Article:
Children with vision problems may experience difficulties in school and other social settings. However, they may be too young to know they have poor eyesight.
As a parent, it’s your responsibility to be attentive to your kid’s eye health and be on the lookout for any potential visual impairment your child may have. Your child may need an eye check-up if they are squinting, have a habit of sitting too close to the television or playing video games in poorly lit areas.
Regular eye exams and early detection are essential for a healthy childhood. You must therefore plan to have your kid’s eyes examined as they grow. After their first consultation, your child’s eye doctor will determine their eye health and schedule eye tests as needed.
Looking after young eyes
Most young children have their vision evaluated as part of standard developmental examinations for kids. While these are crucial to monitoring the growth and development of your child, an in-depth kids' eye test by a licensed optometrist is more thorough. This is because such examinations are specially designed to diagnose children’s eye diseases.
What age should you take your child in for an eye test?
Your child’s first eye test should ideally take place by age 3.
Learning and behavioural issues brought on by poor eyesight may be mistakenly attributed to other factors, especially when it comes to young children who cannot articulate their vision challenges. If detected sooner, conditions like frequent squinting, amblyopia or lazy eye can be treated more successfully.
Therefore, eye testing before your child enters a full-time education program ensures that any issues they may have are found early on and addressed. This will help set them up for a successful and joyful school life. With their vision problems corrected, your child won’t have difficulty focusing on schoolwork and will enjoy their daily activities with ease.
Things to look out for
Knowing your child has eyesight problems may not be easy, especially if you don’t know what signs you should look for.
Below is a list of indicators you can use to know if your child needs to get their vision checked.
- Squinting, head tilting or straining their eyes to see better
- Inability to read without using their finger
- Holding things close to their face or sitting too close to the television
- Frequent headaches or tired eyes
- Habitual eye rubbing
- Watery eyes or light sensitivity
- Difficulty with their studies
- Trying to see with only one eye
- Avoiding activities that require near vision (reading, working on school projects) or distance vision (athletic activities)
- Crossed or lazy eyes
- Inflammation or eye infection
- Short attention span
- Misdirection or turning in one or both eyes
- Presence of a white reflection (similar to a red eye) in the eyes of your child in their pictures
How often should kids have their eyes tested?
To answer the question ‘how often should kids have their eyes tested‘, the recommended eye test frequency for both children and adults is every two years.
However, even newborns, babies and very young children need vision screening. Some doctors also recommend yearly kids’ eye tests once children enter school.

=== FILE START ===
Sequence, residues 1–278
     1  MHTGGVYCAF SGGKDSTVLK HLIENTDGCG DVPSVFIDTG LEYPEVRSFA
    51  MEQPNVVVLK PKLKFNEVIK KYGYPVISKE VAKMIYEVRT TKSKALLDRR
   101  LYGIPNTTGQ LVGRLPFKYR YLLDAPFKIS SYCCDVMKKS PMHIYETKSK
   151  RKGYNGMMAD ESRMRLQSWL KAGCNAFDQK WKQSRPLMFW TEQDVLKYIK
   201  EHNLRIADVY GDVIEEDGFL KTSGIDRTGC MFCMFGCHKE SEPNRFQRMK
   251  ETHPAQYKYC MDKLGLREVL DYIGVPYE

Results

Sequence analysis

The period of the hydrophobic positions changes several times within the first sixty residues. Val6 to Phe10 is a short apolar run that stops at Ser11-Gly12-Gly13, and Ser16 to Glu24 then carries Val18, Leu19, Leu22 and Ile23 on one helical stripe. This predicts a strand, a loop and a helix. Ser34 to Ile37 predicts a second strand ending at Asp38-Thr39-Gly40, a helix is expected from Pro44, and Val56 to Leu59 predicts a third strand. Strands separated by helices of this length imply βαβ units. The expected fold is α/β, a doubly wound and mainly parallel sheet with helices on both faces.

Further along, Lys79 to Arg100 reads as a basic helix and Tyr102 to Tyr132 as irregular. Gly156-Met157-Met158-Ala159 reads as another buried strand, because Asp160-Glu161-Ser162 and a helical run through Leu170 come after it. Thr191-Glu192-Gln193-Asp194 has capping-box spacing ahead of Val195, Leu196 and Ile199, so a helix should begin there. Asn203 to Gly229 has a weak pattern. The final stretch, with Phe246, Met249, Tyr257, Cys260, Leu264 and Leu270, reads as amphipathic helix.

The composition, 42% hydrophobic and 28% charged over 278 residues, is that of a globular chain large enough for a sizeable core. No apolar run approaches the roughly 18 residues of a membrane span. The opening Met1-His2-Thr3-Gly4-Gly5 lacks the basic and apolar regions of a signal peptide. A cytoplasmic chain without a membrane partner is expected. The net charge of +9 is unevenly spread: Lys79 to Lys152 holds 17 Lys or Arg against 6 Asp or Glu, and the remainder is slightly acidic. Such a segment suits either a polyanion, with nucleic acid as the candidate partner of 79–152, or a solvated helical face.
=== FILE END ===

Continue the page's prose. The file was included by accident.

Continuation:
Testing children’s eyes
Children’s eye exams are different from those administered to adults. Instead of the conventional charts you may be familiar with, specially created charts help kids recognise shapes or pictures and enable letter matching. This means that even if a child cannot read, their eyesight can still be tested thoroughly.
Optometrists are aware that visits to clinics are usually daunting for children. But since they are trained to give kids eye tests, they employ strategies to make eye exams as pleasant for their young patients as possible.
Types of eye conditions
There are several common eye conditions detected in children. These include:
- Squint or strabismus — This problem refers to the misalignment of the eyes where one eye may turn in or out. When wearing eyeglasses and practising eye exercises don’t work, surgery is usually the recommended treatment for the squint eye, as it can help restore (normal) binocular vision.
- Astigmatism — Astigmatism results in blurry or distorted eyesight caused by the abnormal curvature of the cornea or lens. Prescription eyewear is usually recommended to treat astigmatism.
- Myopia or short-sightedness — Someone with myopia can only see objects or people close to them. Wearing the right eyewear can easily correct this condition.
- Hyperopia (long-sightedness) — Long-sighted children can only focus on things farther away from them and suffer from blurred vision when they try to read the normal way. This condition can be treated with eyeglasses.
- Amblyopia or lazy eye — When one of the eyes is diagnosed to be weaker, the patient is diagnosed with amblyopia. This causes the child to depend on the other, better eye. Treatment with eyeglasses is the usual course of action. An eyepatch may be used if eyeglasses don’t work; however, amblyopia treatment generally takes longer.
Other challenges to kids’ eye health include visual processing dysfunction, eye teaming problems, depth perception, 3D vision difficulties and many more.
With regular kids’ eye tests, undiagnosed vision problems can be identified, evaluated and treated early so they don’t get any worse.If you want to book an eye test for your child or have questions regarding our products and services, get in touch with 1001 Optical today!